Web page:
- Select Assignments in the left-hand menu.
- Select Essay 1 or Essay 2 , as appropriate.
- Please keep an electronic copy of your essay, just in case.
Grades for your performance in this course will be awarded in accordance with the following scheme:
M10 (Coursework Mark Scheme) Grade Mark Description FNS Fail No Submission F 1-49 Fail P 50-64 Pass C 65-74 Credit D 75-84 Distinction HD 85-100 High Distinction CN Continuing NFE No Formal Examination RP Result Pending
Further details of the grades/results can be obtained from Examinations.
Grade Descriptors are available which provide a general guide to the standard of work that is expected at each grade level. More information at Assessment for Coursework Programs.
Final results for this course will be made available through Access Adelaide.
The University places a high priority on approaches to learning and teaching that enhance the student experience. Feedback is sought from students in a variety of ways including on-going engagement with staff, the use of online discussion boards and the use of Student Experience of Learning and Teaching (SELT) surveys as well as GOS surveys and Program reviews.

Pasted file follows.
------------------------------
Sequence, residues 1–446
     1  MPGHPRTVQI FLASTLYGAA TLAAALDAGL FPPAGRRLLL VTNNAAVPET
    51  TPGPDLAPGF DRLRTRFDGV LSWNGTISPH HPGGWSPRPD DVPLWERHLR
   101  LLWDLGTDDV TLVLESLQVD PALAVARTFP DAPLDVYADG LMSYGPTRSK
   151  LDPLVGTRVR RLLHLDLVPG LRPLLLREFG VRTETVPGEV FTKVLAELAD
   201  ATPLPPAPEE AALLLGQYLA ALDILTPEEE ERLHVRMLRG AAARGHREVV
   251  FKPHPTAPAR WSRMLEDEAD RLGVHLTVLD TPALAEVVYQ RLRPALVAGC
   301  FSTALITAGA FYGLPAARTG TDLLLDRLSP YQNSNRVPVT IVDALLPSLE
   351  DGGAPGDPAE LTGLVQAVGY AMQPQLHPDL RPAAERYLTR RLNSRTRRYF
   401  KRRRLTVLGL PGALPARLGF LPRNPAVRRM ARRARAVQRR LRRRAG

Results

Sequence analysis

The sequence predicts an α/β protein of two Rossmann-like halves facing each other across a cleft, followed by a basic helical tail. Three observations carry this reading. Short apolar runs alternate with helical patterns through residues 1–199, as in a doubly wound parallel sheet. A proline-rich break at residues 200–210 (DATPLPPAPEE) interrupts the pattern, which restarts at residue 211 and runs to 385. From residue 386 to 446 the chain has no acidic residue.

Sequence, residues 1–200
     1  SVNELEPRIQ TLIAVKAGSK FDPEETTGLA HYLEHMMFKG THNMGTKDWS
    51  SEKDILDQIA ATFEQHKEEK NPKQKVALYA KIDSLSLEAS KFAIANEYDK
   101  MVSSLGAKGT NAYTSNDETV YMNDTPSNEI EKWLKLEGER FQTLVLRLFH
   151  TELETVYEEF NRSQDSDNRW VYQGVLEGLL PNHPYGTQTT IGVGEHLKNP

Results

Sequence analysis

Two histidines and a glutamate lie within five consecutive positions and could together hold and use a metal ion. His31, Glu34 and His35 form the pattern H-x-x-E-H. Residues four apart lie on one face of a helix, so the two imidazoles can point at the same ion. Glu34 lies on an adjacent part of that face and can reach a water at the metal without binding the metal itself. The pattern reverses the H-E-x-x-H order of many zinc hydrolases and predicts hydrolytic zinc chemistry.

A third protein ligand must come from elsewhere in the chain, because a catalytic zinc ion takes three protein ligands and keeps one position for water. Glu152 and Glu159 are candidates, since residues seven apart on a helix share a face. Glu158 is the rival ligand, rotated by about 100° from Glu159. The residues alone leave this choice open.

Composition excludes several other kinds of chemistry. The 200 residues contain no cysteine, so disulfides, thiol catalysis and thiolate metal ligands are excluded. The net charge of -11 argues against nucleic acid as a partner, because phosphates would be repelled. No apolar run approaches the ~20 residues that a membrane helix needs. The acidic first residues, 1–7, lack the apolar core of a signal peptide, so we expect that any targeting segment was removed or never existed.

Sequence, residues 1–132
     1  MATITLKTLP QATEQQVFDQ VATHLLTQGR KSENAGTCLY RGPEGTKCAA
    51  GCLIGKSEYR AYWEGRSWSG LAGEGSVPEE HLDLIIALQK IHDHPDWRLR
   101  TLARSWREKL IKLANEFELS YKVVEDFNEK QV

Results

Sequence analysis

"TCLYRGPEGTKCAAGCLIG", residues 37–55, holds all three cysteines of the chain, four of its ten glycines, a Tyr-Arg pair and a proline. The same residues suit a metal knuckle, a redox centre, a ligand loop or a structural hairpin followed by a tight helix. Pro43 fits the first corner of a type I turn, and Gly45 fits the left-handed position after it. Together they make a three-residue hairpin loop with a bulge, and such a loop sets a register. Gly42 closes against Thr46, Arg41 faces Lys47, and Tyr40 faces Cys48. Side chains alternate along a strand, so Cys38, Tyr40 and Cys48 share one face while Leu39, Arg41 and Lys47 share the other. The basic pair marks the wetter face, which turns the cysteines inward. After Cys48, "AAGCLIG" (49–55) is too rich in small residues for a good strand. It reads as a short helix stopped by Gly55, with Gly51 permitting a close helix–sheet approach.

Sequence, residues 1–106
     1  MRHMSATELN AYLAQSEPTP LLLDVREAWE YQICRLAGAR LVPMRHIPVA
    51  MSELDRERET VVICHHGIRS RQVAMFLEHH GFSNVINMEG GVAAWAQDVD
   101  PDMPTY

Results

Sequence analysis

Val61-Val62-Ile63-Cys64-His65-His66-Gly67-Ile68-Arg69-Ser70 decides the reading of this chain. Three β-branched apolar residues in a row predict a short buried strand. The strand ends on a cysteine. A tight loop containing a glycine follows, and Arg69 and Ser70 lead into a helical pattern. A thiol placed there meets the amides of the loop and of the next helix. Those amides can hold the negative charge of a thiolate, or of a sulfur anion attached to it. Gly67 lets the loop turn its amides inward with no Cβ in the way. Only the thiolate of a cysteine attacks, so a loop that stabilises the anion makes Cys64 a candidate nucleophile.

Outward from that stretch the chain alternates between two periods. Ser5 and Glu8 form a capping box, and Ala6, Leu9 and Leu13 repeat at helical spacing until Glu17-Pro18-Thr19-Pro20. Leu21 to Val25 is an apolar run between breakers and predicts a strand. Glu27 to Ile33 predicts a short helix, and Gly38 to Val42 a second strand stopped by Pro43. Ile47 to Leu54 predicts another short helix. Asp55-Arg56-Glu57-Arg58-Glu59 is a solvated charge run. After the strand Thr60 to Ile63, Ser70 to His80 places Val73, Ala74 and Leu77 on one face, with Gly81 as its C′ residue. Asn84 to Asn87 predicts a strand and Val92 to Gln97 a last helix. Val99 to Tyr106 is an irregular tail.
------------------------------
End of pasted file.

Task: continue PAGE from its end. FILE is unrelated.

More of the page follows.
SELTs are an important source of information to inform individual teaching practice, decisions about teaching duties, and course and program curriculum design. They enable the University to assess how effectively its learning environments and teaching practices facilitate student engagement and learning outcomes. Under the current SELT Policy (http://www.adelaide.edu.au/policies/101/) course SELTs are mandated and must be conducted at the conclusion of each term/semester/trimester for every course offering. Feedback on issues raised through course SELT surveys is made available to enrolled students through various resources (e.g. MyUni). In addition aggregated course SELT data is available.
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- Reasonable Adjustments to Teaching & Assessment for Students with a Disability Policy
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- Modified Arrangements for Coursework Assessment
- Student Experience of Learning and Teaching Policy